Filipinos are well known for our hospitality and sharing. In fact, whenever we are eating, it is not uncommon for us to say kain na to a friend, officemate or even to a complete stranger who just happened to walk by to ask for directions. In the event of disasters, this character comes to fore in the form of Bayanihan, a communal spirit that harnesses the power of unity and cooperation and symbolized by the carrying of a nipa hut to a new location after a calamity.
It is this natural kind-heartedness that has led micro entrepreneurship to flourish in the country. It is the kind of sharing that helps the poor grow and inspires others to follow by example.
A number of rural banks are wholly engaged in microfinance operations. Together with some 2,000 microfinance institutions, they are servicing close to seven million microfinance clients across the Philippines and are a big reason why microfinance has flourished in the country.
In his speech during the 2013 Citi Microentrepreneurship Awards (CMA) Awarding Ceremonies last December, Bangko Sentral ng Pilipinas (BSP) Gov. Amado Tetangco, Jr. said micro entrepreneurs have developed a culture of sharing.
“In words and in deeds, they inspire others who aspire to better their lives through microfinance. Across the country, microentrepreneurs prove that humble beginnings can lead to success beyond their dreams and sometimes even beyond our borders,” he said.
Funded by Citi Foundation, the CMA annually recognizes outstanding microfinance clients who have used microfinance and entrepreneurship to improve their lives and their communities.
One rural bank that has been ardent in its support for microentrepreneurs was First Agro-Industrial Rural Bank, Inc., which was awarded the Most Outstanding Rural Financial Institution for Visayas by the National Livelihood Development Corp. during the 8th Sustainable Income for People in the Agrarian Grassroots or SIPAG Awards, also last December.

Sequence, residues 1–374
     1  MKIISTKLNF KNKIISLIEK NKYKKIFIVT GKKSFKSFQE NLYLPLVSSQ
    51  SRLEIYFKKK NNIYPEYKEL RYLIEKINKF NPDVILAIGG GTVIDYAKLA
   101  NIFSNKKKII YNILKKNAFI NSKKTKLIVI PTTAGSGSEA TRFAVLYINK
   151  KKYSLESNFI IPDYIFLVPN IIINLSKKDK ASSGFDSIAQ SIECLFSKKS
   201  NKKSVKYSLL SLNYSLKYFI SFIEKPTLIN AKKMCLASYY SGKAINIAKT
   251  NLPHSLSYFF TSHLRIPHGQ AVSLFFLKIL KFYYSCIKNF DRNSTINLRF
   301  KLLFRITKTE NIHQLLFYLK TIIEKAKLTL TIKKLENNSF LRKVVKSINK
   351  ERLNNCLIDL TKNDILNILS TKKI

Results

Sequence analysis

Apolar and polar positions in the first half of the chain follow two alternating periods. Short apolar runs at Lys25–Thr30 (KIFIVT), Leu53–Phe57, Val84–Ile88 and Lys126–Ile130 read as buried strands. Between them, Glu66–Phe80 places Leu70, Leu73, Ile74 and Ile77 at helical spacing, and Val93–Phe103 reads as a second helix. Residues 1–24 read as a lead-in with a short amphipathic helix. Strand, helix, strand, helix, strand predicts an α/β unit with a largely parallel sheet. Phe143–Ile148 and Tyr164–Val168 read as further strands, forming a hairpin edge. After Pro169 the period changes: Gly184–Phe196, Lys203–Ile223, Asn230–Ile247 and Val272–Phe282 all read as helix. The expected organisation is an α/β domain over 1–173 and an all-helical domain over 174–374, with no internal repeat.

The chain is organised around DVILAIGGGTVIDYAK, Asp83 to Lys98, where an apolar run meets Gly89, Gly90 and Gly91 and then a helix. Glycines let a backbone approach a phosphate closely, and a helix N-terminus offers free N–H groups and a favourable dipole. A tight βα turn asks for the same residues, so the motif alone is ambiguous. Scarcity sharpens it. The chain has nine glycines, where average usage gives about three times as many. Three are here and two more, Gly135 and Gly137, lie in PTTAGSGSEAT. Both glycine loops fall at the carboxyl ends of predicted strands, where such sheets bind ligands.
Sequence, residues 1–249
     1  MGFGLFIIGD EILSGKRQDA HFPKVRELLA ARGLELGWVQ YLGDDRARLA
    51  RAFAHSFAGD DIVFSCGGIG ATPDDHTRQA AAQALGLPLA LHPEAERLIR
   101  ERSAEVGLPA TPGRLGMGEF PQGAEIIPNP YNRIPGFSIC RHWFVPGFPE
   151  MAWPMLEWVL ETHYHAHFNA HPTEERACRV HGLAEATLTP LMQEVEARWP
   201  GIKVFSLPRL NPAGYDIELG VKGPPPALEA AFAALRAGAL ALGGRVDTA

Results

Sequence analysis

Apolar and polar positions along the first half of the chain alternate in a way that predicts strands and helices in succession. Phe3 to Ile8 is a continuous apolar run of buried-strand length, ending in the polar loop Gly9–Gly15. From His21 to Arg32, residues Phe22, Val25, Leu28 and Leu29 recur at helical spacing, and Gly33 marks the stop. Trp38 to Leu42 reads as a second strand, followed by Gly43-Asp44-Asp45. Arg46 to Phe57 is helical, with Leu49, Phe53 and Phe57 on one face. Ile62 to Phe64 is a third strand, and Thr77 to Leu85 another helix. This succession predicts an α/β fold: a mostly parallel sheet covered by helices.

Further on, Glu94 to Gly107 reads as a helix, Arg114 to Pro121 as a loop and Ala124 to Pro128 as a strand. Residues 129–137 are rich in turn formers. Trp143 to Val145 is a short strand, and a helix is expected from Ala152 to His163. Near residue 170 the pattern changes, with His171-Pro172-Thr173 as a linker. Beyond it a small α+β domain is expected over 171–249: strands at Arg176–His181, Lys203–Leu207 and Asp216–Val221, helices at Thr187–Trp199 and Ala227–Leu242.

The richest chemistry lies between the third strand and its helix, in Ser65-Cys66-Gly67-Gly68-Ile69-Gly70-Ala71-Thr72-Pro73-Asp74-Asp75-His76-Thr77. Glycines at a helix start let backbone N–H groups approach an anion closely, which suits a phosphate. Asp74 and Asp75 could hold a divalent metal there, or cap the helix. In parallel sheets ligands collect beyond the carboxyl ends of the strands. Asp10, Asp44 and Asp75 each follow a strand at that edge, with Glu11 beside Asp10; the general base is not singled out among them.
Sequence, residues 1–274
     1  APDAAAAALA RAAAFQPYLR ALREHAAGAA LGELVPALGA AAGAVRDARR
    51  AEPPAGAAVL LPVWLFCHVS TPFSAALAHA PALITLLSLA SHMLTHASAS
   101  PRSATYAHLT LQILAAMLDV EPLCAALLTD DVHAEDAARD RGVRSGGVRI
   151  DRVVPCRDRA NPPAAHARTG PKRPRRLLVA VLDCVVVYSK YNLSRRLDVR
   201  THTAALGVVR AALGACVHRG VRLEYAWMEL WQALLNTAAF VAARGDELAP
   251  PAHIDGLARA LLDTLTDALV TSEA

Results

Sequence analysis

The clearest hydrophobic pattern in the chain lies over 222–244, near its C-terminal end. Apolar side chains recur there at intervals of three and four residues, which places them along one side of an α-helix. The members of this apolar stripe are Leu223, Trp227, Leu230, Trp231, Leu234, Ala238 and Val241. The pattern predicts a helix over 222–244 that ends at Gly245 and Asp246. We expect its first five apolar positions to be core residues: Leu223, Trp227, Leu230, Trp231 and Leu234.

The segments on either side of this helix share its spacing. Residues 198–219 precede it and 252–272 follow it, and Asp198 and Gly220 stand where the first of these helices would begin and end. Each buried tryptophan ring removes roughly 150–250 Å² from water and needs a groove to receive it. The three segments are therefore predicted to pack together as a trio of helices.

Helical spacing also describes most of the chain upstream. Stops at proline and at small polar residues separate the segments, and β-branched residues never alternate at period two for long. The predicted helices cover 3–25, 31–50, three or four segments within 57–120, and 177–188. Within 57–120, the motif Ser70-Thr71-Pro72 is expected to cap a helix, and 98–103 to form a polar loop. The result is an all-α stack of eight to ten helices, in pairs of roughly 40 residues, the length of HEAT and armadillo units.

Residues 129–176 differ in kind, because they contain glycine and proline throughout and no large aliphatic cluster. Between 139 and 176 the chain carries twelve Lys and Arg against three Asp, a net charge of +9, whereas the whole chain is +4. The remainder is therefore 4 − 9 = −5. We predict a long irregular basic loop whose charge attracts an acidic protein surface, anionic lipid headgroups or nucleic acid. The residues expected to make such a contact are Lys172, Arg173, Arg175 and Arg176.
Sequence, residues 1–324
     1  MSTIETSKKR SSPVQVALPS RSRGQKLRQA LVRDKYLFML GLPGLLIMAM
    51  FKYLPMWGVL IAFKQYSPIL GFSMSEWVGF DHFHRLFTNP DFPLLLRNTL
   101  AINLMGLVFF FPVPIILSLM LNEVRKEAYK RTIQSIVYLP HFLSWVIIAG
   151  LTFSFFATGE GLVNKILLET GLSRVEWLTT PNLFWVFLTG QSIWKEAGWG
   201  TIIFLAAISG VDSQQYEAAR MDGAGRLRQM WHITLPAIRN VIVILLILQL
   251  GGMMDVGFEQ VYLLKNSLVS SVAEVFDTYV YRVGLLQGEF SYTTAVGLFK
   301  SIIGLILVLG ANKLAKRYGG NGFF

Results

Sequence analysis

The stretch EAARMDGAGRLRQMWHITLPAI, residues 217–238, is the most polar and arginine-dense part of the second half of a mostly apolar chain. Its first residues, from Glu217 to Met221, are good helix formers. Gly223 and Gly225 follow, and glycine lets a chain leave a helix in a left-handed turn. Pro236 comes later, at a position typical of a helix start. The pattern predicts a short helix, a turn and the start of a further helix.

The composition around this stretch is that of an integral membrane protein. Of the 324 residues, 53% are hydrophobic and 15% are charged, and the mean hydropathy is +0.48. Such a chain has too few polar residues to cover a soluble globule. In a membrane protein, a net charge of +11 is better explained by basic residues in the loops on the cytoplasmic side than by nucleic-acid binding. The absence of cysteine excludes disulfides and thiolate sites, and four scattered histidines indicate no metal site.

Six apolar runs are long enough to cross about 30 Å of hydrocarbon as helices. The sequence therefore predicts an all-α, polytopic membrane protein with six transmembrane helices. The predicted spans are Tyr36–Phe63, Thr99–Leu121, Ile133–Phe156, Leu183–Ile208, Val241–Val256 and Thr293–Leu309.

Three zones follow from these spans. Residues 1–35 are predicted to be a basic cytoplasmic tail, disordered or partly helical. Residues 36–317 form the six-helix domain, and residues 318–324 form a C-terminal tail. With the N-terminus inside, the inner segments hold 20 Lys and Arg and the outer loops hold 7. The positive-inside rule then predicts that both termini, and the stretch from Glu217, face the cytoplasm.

As of end-June 2013, 186 banks with microfinance operations were serving over 1 million clients with combined outstanding loans of P8 billion.
These microentrepreneurs have likewise become net savers, according to Mr. Tetangco, with consolidated bank deposits of P8.9 billion, an amount that surpasses their total loan.
On the other hand, there are now 391 micro-banking offices that provide a broad range of financial services in new areas.
A retail electronic payments system through e-money and mobile banking is in place with 30 e-money issuers working alongside a network of more than 12,000 cash-in and cash-out agents.
Destructive natural calamities underscore the importance of having adequate insurance protection especially for the most vulnerable, according to the BSP chief as he stressed that microinsurance can protect the hard-earned gains of our microentrepreneurs.
With rural banks in the forefront and acting as a very active proponent, regulators and market players alike are hopeful that microfinance and microinsurance will continue to thrive in the country and protect the interest of the poor.